Methods of forensic investigations throughout the years
Updated: Dec 27, 2022
For those who are not familiar with the term, forensic investigation or forensic science, also known as criminalistics, is the application of science to criminal and civil laws, mainly on the criminal side - during investigations. However, it is time we think back to the origin of forensics investigations. Forensic investigation practices can be dated back as early as the Ancient Greek and Roman societies. Those civilisations made significant contributions to the field of medicine, especially pharmacology. Their research on the production, use and symptoms of toxins made the study of their use in past murders possible. Forensic science as a part of the modern-day criminal justice system is still developing. Interestingly, the importance of forensic science dates back to some of the ancient civilizations.
Importance of forensic science in Ancient Egypt and Rome:
Did you know that the Egyptian civilization back in 3000 BC performed the first ‘autopsy’? They performed a religious practice of removing and examining the internal organs of humans after their death. Thus, they are the earliest civilization to perform an autopsy.
However, the first forensic investigation is said to have been performed in 44 BC. Roman physician, Antistius, examined the dead body of Roman politician and general, Julius Caesar. The autopsy revealed that though stabbed 23 times, his death actually resulted from one wound through this chest. After, early in the 1st century AD, Roman orator and jurist Quintilian used basic forensics to acquit and innocent.
Importance of forensic science in Ancient China:
After the Roman Civilisation, Ancient China also started using forensic investigations to solve crimes. For example, Xi Yuan Lu is the first written testimony of the use of medicine and entomology to solve crimes. This book is one of the earliest literature that helped determine the cause of death. The book explained how to distinguish an accidental death from a murder by examining the weapon used to cause death. It threw light upon important topics such as preserving evidence during the examination process, making an antiseptic, calculating the time of death based on the weather and insects and washing a dead body for examination. In the book, the investigator tests various blades on an animal carcass and compares the wound to the actual one. This helped him deduce that the weapon used to commit the murder was a sickle. Next, he asks residents of the crime area to bring their sickles to one location. Eventually, the murderer confessed when the smell of blood caused flies to gather on his sickle. At the same time, the book also provided method and logic to estimate if a death resulted from suicide, accident or murder.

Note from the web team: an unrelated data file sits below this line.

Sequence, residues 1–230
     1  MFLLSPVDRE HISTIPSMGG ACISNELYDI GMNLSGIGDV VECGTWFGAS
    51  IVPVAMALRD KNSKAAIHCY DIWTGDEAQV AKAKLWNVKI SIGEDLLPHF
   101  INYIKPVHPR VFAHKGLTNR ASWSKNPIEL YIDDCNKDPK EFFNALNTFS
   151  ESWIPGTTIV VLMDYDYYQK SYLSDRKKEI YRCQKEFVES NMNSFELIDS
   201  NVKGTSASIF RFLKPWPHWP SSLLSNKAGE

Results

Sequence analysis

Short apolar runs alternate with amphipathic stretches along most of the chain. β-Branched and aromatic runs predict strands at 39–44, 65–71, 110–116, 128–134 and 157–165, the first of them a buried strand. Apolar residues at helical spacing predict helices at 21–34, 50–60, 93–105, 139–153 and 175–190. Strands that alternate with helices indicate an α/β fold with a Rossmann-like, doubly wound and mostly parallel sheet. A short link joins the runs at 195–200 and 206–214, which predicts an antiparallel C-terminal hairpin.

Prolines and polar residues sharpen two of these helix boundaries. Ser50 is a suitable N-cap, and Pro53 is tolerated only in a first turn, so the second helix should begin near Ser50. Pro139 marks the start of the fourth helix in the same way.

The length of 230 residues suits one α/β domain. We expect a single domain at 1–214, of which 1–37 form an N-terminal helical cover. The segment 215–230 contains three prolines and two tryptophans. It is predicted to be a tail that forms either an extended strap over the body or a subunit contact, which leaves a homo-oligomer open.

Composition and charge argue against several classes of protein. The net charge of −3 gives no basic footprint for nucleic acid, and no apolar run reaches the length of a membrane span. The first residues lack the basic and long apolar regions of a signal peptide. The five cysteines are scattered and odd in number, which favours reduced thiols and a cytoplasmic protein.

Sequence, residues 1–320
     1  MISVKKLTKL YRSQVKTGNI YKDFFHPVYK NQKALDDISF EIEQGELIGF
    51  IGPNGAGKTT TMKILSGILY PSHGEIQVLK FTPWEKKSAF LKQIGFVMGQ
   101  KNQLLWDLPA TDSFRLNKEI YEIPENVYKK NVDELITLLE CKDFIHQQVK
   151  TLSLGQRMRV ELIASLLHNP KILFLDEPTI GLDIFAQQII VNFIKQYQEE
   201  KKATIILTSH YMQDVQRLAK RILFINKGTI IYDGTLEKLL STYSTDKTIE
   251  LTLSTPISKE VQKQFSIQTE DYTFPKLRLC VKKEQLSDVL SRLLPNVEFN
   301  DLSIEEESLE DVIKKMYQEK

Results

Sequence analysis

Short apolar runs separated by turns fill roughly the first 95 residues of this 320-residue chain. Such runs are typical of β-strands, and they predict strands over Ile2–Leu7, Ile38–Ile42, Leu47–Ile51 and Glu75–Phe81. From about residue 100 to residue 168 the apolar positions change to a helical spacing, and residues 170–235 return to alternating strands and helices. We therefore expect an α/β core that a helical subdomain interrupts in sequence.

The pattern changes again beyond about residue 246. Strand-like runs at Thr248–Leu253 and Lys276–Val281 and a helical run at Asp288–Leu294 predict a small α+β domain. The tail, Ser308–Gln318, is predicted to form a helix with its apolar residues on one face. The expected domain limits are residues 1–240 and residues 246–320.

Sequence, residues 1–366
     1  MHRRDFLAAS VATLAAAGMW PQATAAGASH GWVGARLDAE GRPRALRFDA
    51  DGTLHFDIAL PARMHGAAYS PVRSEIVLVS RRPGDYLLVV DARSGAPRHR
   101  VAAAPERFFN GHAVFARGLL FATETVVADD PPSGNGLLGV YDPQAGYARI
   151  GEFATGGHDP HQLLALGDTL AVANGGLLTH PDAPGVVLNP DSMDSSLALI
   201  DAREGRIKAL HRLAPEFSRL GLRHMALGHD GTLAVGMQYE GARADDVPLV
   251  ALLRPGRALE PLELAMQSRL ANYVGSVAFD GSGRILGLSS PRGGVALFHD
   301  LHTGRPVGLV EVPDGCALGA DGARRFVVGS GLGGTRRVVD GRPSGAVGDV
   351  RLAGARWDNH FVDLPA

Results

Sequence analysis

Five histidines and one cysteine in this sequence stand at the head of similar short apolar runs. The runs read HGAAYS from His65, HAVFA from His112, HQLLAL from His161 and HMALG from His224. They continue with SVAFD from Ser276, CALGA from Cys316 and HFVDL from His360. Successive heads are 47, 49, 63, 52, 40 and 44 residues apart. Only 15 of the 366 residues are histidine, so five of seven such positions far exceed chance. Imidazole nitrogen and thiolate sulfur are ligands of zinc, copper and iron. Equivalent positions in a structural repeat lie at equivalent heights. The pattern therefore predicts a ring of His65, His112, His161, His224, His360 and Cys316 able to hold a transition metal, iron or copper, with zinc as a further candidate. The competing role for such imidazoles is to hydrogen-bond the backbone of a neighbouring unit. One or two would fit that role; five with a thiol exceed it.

Importance of Lie Detectors in Forensic Science in Ancient Asia:
The earliest precursor to the Polygraph test was the examination of the saliva, mouth, and tongue of a suspect to deduce innocence or guilt. For example, in Ancient India, the suspect’s mouth was filled with some dry rice and in China with rice powder. They were then asked to spit it out. In some Middle-Eastern cultures, the accused would have to lick heated metal rods. The principle used for these methods was that a guilty person would produce less saliva. Thus, if rice got stuck in their mouths or if their tongues got severely burnt, they were pronounced guilty.
The 16th & 17th Centuries in the History of Forensic Science: